This Saturday, May 7, is the tenth annual Free Comic Book Day–a day when comic book stores across the U.S. offer an assortment of freebies, most of them all-ages-friendly, to anyone who comes in. (There’s a page at the FCBD site to locate a participating store near you; a lot of those stores are also featuring signings, sales, and other festivities.) This year’s batch of titles includes ten “gold comics”–which every store that’s part of FCBD will have at least some copies of–as well as 27 more “silver comics,” which they may or may not carry. And since most stores will limit the number of free comics each customer can take home, here are the highlights of this year’s batch, almost all of which you might want to give to a young reader of your acquaintance.
Captain America and Thor: The stars of Marvel’s two big movies this year team up for a one-off story in which the Thor of today and the Captain America of 1942 meet in King Arthur’s time. What’s particularly special about it is that it’s effectively a sequel to writer Roger Langridge and artist Chris Samnee’s short-lived, cult-favorite series Thor the Mighty Avenger (which is now collected in two paperback volumes), and it’s got just as much stylishness and charm. Marvel’s also publishing an Amazing Spider-Man FCBD one-shot by Dan Slott and Humberto Ramos that might be worth a look: it apparently leads into a big storyline that will be running in that series this summer.
(More on TIME.com: The Comic Book Club: “Fables” and “Thor the Mighty Avenger”)
John Stanley’s Summer Fun: In the ’50s and ’60s, writer (and occasional artist) John Stanley was the force behind some of the most purely delightful kids’ comics ever, a lot of which have reappeared in print in the past few years. This sampler from Drawn & Quarterly (with cover art by Seth, who’s been designing their Stanley reprints) appears to include examples of Stanley’s work on Thirteen Going on Eighteen and the Little Lulu spinoff Tubby, among others.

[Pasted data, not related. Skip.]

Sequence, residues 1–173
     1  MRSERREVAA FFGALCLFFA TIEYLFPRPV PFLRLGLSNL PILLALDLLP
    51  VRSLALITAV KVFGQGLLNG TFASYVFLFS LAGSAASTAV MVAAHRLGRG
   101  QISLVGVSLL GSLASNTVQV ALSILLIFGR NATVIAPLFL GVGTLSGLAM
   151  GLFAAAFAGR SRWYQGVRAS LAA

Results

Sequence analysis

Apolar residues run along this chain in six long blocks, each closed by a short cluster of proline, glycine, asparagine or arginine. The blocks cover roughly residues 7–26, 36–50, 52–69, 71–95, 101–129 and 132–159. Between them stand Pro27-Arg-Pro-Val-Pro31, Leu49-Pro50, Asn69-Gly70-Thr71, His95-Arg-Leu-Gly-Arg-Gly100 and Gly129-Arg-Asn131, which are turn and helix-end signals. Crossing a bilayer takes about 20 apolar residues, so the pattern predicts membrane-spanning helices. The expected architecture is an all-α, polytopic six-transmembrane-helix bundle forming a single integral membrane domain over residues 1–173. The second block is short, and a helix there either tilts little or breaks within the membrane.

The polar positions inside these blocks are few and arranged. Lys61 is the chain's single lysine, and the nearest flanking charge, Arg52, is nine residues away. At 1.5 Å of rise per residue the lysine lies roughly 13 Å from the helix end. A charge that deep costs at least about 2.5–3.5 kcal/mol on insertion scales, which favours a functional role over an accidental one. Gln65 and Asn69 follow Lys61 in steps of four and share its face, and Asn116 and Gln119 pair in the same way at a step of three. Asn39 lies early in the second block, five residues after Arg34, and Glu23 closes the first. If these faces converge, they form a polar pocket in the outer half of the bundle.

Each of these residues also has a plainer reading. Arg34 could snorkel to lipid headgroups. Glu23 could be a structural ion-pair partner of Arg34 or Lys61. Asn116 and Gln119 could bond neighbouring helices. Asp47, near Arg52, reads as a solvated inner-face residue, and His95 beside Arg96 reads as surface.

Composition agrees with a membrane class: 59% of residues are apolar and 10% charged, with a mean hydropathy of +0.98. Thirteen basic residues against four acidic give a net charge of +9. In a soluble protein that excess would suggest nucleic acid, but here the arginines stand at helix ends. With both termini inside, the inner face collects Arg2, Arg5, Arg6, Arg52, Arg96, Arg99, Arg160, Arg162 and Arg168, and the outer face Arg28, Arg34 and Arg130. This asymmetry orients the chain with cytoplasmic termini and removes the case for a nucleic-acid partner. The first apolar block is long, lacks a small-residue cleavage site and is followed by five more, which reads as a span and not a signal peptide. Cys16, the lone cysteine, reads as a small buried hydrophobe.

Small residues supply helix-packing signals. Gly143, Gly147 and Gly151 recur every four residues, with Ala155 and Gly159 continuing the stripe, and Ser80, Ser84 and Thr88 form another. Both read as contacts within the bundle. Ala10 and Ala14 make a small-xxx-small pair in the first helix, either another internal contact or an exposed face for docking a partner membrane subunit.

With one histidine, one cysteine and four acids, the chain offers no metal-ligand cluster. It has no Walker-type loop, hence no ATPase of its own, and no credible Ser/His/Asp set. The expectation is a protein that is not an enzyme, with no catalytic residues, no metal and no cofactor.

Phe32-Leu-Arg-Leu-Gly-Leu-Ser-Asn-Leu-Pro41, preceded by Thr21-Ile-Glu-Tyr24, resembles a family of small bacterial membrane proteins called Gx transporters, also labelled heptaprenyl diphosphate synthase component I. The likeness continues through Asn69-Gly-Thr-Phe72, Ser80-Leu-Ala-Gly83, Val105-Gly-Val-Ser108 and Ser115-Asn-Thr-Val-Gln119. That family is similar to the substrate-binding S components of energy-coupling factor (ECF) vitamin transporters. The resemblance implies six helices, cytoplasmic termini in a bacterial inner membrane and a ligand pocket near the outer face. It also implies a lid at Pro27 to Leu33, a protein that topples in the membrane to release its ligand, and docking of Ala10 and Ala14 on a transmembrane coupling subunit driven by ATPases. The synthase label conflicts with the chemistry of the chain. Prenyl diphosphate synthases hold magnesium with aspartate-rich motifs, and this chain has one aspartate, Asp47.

2000 A.D.: This lively, smart-assed, frequently beautifully drawn, occasionally ultraviolent series has been running weekly in Britain since 1977, with four to six serials in each issue. A lot of its past and present series have lately been reprinted as graphic novels in the U.S., but the 2000 A.D. Free Comic Book Day special is effectively what you’d get in a typical issue of the British series, including a complete-in-six-pages Judge Dredd story (by John Wagner, Val Semeiks and Cliff Robinson), as well as Sláine, Kingdom, Shakara and Zombo stories, plus a long-out-of-print one-pager by League of Extraordinary Gentlemen artist Kevin O’Neill. (It’s also the only one of these picks that might not be all that kid-friendly; as Dredd might say, use your judgement, citizen!)
Top Shelf Kids Club: For the past few years, Top Shelf has been taking advantage of FCBD to put together an anthology of new stories from its more kid-friendly series. Both Andy Runton’s adorable Owly and James Kochalka’s agreeably silly Johnny Boo appear here, alongside newer projects like Chris Eliopoulos’ Okie Dokie Donuts and Jess Smart Smiley’s Upside Down. If you ever looked at the comics section in Nickelodeon magazine, this has a very similar tone.
Walt Disney’s Mickey Mouse: Fantagraphics is about to launch a series of fancy hardcover collections reprinting Floyd Gottfredson’s tenure on the Mickey Mouse newspaper comic strip, beginning with its earliest years, when it was a high-speed adventure serial that just happened to star a daring young mouse. (No, that’s not what people tend to think of when they hear the name “Mickey Mouse” these days, but that’s what the strip was for its first few decades.) The first volume will reprint strips from 1930 and 1931; the Free Comic Book Day giveaway, though, jumps ahead a few years to reprint an adventure called “Pluto the Racer,” from 1935.
(More on TIME.com: Fantagraphics Announces Mickey Mouse Reprints)
Green Lantern: I’m tempted to waggle a finger at DC Comics for making their Free Comic Book Day title a reprint of Geoff Johns and Ivan Reis’ Green Lantern #30, which is not just not complete in itself but actually the second episode of a longer serial. (The FCBD giveaway also includes a brief preview of the first issue of this year’s big DC crossover event, Flashpoint–which comes out next Wednesday.) But the Green Lantern movie is DC’s biggest media event this year, and the story reprinted here is the character’s origin, so anyone who doesn’t know the comics but is curious about the movie might want to have a look. For younger readers, especially those like to watch Cartoon Network, DC is also publishing a giveaway with (new) Young Justice and Batman: The Brave and the Bold stories.